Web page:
& so for those of you who saw the game today, you probably noticed this throughout the game as the crowd kept ooing & awing after every dazzling team USA play, highlight after highlight.
TrueHoop reader Mac Lotze is an American living in Shanghai (maybe you remember his report from last pre-season), and sends the following thoughts about the mind of the typical Chinese basketball fan.
Style and scoring ability.
This is why Kobe Bryant is the greatest sports icon in China; not Yao Ming, not Yi Jianlian, not even groundbreaking hurdle-champion Liu Xiang.
This was the prevailing sentiment amongst those polled in the sold-out Qizhong Arena in Shanghai that was painted with 24s and 8s.
Perhaps it is part of the emerging young generation in China and their unquenchable thirst for all things foreign, but it is shocking how few fans list their fellow countrymen as their heroes. The fans in attendance were easily pleased, cheering even for referees calling fouls.
Witnessing the excitement for Kobe Bryant and this young Team USA, it is not unreasonable to expect there will be wavering allegiances among the locals when Team USA laces it up against an overmatched Chinese team this Sunday.
It is something that I have found the most fascinating in my two years over here in Shanghai. I am constantly asking Chinese friends, taxi drivers, and others I encounter if they like basketball, which players they like, and if they like Yao Ming.
The experience has left me convinced that I like Yao Ming a lot more than the vast majority of Shanghainese.
Few of them even say they like Yao Ming.
They like Tracy McGrady a heck of a lot better than Yao Ming, often expressing that Yao is lacking a quality that translates literally as "resolute heart," but means something like determination.
I came to Shanghai with the erroneous perception that basketball has become popular in China because of Yao Ming, but it appears that he is a small piece of the puzzle. The main reasons I see that Yao Ming is not as much of a national hero as he used to be and that common sense would dictate are:
* He has yet to win a playoff series.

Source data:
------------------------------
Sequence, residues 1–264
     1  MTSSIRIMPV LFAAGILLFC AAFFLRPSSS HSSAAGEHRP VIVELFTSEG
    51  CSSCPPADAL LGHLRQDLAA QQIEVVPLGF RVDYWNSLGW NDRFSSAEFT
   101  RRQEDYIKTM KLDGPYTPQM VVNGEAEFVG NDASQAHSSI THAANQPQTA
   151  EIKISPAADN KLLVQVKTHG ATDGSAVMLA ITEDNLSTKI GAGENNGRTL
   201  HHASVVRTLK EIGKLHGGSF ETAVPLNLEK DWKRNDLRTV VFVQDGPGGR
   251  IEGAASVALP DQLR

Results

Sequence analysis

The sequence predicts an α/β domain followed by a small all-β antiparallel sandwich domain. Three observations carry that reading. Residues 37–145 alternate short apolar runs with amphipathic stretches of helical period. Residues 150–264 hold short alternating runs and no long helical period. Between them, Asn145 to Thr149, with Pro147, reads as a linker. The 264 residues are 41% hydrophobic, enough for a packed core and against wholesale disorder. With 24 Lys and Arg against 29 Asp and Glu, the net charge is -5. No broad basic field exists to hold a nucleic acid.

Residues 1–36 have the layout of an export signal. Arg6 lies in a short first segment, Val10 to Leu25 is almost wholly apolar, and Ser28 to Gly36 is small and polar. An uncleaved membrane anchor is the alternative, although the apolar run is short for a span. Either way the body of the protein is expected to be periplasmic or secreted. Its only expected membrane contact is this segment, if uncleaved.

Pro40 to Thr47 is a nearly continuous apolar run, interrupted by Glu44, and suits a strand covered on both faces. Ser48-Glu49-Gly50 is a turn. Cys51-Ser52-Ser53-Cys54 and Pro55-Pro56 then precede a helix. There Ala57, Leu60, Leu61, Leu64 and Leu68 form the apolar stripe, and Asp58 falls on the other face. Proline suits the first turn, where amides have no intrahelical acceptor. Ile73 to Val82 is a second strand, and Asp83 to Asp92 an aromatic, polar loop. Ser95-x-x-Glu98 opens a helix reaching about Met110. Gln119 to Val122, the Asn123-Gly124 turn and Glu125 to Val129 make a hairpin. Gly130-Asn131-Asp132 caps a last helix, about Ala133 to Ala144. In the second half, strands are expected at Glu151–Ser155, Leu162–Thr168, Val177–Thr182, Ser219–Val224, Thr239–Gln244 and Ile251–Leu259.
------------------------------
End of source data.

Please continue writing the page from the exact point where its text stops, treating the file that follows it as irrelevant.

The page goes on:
* His size makes him very hard to relate to for 99% of the population. Chinese fans want to idolize a player that they can imitate or relate to from a size standpoint. This is one of the main reasons hurdler Liu Xiang is much hotter and more popular than Yao Ming these days. The Chinese respect and admire people that were not given as many god-given talents, but work their tails off to become great. They can relate to that, even dream about that. That's tougher in the case of Yao Ming.
* Yao Ming is boring compared to a lot of players. I have played quite a few pickup games in China and from the 5'4 point guards to the 7-footers are all they are all showcasing their And One skills. (Yes, there are quite a few tall Chinese players all around Shanghai. With the economic prosperity that China is enjoying currently, they are privy to the type of diet that was impossible before. Not to mention the one child policy allows parents to feed their children with food that was previously divided between many kids.) They are all about the flash, excitement, dribbling through the legs, behind the back passes. Yao Ming, while being one of the best centers in the NBA, just doesn't have that. That's why even if Houston were to win a title (and I think they can now with Artest) I suspect that in the U.S. and China alike you will find it boosting T-Mac's popularity more than Yao's.
There is no doubt in my mind that the Chinese crowd will be divided on Sunday, the question is simply by how much. It is clear that if China had a better chance (maybe if Yao Ming was 100%) that the vast majority would be cheering unequivocally for China.
But because the true basketball fans realize that their chances are relatively slim, it is a harder question to answer. I asked several of the Chinese fans at the game last night about who they will be cheering for on Sunday and there was definite hesitation. After hesitating, the general consensus was that they want China to win, but that they will still be cheering for their favorite players, mostly Bryant, but for Lebron James, Dwyane Wade, Carmelo Anthony, and Dwight Howard too.
I relate it to the weird dynamic with fantasy sports when you have a star that is playing against your favorite team. On one hand you want your team to win, but some part of you wants to see your player shoot the lights out. If they could pick they would pick a Chinese victory, but they know that is slightly unrealistic so they will be cheering for great plays from their favorite players more than anything.
And after playing China, every game will be like a home game for Team USA. None of the non-Americans can garner the type of excitement and idolism that Kobe, Bron Bron, Melo, Howard, and Wade can deliver.
As the Chinese prospects keep maturing, it is certain that China will become increasingly relevant in the international basketball scene. It will be interesting to see how many great Chinese players it will take to start to swing popular sentiment strongly back towards China. It might just take some Iverson-type players to make that change (point guard Chen Jianghua, for instance). But my guess is it could take quite some time, and many exciting wing players, to truly change allegiances in China.
I didn't know Kobe was actually more popular than Yao himself though in China, that's definitely news to me.
Edited by Chicano, August 10, 2008 - 03:50 PM.